Skip to main content

Arab Thinkers Call to Abandon Boycotts and Engage With Israel

By November 25, 2019Cultural Boycott

By David M. Halbfinger

Nov. 20, 2019

Boycotting Israel is a failure, and has only helped that country while damaging Arab nations that have long shunned the Jewish state, according to a small new group of liberal-minded Arab thinkers from across the Middle East who are pushing to engage with Israel on the theory that it would aid their societies and further the Palestinian cause.

The group has brought together Arab journalists, artists, politicians, diplomats, Quranic scholars and others who share a view that isolating and demonizing Israel has cost Arab nations billions in trade. They say it has also undercut Palestinian efforts to build institutions for a future state, and torn at the Arab social fabric, as rival ethnic, religious and national leaders increasingly apply tactics that were first tested against Israel.

“Arabs are the boycott’s first — and only — victims,” Eglal Gheita, an Egyptian-British lawyer, declared at an inaugural gathering this week in London.

Calling itself the Arab Council for Regional Integration, the group does not purport to be broadly representative of Arab public opinion. Its members espouse a viewpoint that is, to put it mildly, politically incorrect in their home countries: Some have already been ostracized for advocating engagement with Israel and others said they feared retribution when they return.

Still, the few dozen members include more than a few well-known figures in places as far-ranging as Morocco, Libya, Sudan, Egypt, Lebanon, Iraq and the Persian Gulf, many of whom have begun to speak out, to varying degrees, in favor of engagement with Israel. The most recognizable name — to Western eyes, at least — may be that of Anwar Sadat, nephew and namesake of the Egyptian president who struck the first Arab peace treaty with Israel. He is also a critic of President Abdel Fattah el-Sisi who was expelled from Egypt’s Parliament in 2017.

One of the council’s main organizers, Mustafa el-Dessouki, the Egyptian managing editor of an influential Saudi-funded newsmagazine, Majalla, said that as he has wandered the region in recent years he has met many like-minded Arabs “who had kind of been waiting for somebody like me to come along.”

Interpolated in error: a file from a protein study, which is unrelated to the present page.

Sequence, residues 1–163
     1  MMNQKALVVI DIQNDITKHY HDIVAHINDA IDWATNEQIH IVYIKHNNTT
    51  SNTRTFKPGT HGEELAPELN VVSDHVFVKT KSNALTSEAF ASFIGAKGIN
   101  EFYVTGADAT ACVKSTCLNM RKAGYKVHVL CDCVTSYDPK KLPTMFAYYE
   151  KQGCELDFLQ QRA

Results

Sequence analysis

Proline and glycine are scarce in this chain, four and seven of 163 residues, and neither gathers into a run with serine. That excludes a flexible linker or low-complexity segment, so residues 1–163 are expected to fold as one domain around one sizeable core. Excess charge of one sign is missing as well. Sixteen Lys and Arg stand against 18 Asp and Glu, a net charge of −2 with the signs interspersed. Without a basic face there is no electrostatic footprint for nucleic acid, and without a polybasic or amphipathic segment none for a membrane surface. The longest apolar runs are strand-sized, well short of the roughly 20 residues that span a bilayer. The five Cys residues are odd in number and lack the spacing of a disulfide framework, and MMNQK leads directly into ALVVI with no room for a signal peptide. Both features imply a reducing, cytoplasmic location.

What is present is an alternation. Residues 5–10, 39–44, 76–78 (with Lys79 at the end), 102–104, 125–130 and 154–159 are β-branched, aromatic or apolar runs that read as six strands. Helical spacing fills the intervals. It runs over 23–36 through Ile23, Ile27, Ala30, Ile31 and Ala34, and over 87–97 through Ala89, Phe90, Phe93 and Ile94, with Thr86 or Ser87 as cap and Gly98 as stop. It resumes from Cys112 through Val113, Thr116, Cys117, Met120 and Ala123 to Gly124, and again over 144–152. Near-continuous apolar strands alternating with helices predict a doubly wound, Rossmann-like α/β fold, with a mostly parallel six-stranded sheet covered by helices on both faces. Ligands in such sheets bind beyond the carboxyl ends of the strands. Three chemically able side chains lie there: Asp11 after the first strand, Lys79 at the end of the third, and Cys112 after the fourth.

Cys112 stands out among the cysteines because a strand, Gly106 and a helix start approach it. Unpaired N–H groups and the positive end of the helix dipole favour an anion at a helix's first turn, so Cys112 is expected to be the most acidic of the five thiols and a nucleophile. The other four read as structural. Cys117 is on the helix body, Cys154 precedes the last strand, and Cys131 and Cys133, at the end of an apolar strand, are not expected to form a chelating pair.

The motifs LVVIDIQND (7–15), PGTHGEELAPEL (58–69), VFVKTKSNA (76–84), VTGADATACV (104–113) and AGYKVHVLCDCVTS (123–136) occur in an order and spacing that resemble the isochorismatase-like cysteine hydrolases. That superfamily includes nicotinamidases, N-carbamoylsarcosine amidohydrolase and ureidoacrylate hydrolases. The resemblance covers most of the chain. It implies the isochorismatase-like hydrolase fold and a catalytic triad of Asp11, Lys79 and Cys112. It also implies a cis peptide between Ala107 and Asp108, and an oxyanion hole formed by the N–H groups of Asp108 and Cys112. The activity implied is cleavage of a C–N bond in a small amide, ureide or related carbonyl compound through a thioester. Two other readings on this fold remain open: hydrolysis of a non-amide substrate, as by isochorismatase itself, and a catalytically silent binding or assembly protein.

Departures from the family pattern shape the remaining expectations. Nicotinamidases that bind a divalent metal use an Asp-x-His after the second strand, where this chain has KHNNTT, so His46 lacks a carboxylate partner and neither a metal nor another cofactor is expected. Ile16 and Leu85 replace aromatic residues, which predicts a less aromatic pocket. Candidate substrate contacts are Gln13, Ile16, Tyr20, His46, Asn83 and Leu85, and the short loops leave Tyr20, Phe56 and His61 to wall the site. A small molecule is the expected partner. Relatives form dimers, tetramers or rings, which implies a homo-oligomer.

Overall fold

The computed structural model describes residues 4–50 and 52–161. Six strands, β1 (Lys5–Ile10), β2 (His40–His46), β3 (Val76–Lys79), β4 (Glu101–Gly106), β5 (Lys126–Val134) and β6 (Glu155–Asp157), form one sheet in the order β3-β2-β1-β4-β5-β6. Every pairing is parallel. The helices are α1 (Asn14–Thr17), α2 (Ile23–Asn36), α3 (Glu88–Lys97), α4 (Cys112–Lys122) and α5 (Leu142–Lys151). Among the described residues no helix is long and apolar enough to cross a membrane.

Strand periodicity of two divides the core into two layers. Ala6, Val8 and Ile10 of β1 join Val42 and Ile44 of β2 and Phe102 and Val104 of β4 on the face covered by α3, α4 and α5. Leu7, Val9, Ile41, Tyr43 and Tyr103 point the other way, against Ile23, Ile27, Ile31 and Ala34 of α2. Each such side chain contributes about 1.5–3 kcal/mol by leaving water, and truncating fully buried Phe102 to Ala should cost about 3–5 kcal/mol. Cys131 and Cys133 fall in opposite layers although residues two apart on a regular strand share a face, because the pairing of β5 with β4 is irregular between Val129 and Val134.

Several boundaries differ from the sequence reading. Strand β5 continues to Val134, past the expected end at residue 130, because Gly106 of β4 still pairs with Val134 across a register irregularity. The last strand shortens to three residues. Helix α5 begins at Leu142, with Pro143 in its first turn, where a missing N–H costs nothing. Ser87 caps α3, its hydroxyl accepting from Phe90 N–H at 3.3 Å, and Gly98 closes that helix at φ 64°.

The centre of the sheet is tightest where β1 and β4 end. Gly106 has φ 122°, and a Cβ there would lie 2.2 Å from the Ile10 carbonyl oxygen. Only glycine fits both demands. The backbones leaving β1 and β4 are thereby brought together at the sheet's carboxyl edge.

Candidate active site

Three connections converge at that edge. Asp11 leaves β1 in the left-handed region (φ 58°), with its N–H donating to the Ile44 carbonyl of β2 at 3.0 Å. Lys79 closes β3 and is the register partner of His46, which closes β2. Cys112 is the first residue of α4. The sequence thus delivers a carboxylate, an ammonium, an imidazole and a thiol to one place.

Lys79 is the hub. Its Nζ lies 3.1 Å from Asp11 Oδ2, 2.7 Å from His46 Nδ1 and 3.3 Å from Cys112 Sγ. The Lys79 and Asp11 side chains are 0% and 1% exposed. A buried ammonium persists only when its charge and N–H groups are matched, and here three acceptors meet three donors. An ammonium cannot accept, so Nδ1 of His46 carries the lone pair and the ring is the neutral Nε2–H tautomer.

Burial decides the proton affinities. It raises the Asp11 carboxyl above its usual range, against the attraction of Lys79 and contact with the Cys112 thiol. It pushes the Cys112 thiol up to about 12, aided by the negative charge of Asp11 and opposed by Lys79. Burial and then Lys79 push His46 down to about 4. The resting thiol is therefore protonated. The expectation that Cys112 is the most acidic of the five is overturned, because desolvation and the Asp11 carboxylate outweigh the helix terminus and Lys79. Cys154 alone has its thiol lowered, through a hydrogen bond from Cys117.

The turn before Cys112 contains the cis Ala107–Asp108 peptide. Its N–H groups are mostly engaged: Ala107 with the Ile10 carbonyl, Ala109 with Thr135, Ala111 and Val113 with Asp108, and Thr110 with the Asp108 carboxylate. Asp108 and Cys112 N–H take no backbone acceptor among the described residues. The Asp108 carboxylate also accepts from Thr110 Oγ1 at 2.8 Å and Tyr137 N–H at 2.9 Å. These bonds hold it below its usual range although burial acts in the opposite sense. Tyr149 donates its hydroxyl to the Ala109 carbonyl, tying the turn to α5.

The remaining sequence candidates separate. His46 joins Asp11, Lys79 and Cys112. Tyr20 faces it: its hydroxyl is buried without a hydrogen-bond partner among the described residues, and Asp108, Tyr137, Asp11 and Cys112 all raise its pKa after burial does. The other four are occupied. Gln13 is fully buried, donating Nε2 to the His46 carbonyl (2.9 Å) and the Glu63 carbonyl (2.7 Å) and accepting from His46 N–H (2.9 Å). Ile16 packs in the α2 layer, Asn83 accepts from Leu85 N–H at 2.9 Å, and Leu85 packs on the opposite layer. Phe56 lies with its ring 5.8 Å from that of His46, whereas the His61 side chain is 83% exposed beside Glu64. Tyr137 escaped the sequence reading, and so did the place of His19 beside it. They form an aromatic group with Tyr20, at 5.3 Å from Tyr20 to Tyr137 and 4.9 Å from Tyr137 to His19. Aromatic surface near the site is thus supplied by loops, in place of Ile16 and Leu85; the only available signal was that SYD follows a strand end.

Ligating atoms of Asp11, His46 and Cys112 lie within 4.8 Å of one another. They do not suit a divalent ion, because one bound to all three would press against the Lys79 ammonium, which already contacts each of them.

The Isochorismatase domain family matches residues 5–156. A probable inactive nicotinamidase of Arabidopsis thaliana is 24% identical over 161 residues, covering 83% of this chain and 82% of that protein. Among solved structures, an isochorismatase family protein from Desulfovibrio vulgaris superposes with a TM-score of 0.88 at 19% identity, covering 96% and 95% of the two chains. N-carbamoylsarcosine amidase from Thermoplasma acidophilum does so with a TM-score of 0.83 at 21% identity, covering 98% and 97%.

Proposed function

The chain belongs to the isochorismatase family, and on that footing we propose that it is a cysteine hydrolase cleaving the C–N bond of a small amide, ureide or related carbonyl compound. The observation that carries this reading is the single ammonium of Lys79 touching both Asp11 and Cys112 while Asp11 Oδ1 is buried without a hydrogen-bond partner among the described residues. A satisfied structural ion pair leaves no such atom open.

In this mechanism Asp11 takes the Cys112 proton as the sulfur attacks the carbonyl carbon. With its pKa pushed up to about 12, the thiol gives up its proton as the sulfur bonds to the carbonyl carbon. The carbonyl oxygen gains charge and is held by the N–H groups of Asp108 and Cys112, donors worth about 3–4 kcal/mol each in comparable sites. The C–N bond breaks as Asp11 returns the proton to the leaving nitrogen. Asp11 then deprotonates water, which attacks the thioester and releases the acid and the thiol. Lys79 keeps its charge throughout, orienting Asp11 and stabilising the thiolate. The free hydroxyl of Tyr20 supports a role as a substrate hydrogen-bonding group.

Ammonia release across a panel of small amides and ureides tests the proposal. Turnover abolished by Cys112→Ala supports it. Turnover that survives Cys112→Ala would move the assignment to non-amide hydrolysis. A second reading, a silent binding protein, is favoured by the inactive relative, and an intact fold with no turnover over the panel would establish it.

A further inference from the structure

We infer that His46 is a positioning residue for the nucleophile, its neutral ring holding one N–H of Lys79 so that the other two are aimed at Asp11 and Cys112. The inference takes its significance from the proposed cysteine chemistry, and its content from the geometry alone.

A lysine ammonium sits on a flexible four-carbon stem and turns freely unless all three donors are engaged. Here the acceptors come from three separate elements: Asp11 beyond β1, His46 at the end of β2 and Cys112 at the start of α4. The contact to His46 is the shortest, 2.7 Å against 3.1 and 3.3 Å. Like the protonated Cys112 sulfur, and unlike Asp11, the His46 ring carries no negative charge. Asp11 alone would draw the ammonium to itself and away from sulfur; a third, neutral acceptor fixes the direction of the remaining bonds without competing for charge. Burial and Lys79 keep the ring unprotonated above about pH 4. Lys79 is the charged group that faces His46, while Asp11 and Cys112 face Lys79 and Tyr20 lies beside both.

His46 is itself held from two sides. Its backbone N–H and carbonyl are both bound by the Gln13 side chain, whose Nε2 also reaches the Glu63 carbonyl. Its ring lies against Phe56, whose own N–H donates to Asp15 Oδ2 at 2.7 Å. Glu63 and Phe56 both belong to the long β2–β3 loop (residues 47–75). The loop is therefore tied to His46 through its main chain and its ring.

Arab news media and entertainment have long been “programming people toward this hostility” toward Israel and Jews, he said, while political leaders were “intimidating and scaring people into manifesting it.” But many Arabs — even, to his surprise, in Lebanon, a bitter Israeli enemy — “actually want to connect with Israelis,” he added.

To a degree, the group also reflects the geopolitical alignment now linking the Persian Gulf nations and other predominantly Sunni Muslim countries with Israel, against Iran and its Shiite proxies in the region, said Mr. el-Dessouki’s co-organizer, Joseph Braude, an American author and Middle East analyst of Iraqi-Jewish descent.

“The sense of Israel being somehow a greater friend or lesser enemy than Iran is a factor here,” he said. But it is also one that will not last forever, he said, creating an urgency to build ties “based on common humanity, not some fleeting shared-security concern.”

For the Palestinians, the council’s arguments fly in the face of decades of efforts to isolate Israel in the hope that this would force it to make concessions at the negotiating table.

Even Palestinian leaders who do not support the Boycott, Divestment and Sanctions movement oppose fully normalizing Arab relations with Israel, arguing that Israel’s diplomatic gains from the Oslo peace process had only encouraged Prime Minister Benjamin Netanyahu to expand settlements on the West Bank.

Husam Zomlot, who leads the Palestinian mission to the United Kingdom and did the same in Washington until the Trump administration closed that office, belittled the new council’s members as an “extreme fringe of isolated individuals.” From Tunisia, whose new president has called it treasonous to engage with Israel, he said, to Lebanon, where protesters are waving the Palestinian flag alongside their own, “the sentiment of the vast majority of the Arab world is going in the other direction.”

“They are playing into the hands of Netanyahu,” Mr. Zomlot said, because Mr. Netanyahu wants to “convince the Israeli electorate that he can have the cake and eat it too: keep the occupation and still normalize relations with the Arab world.”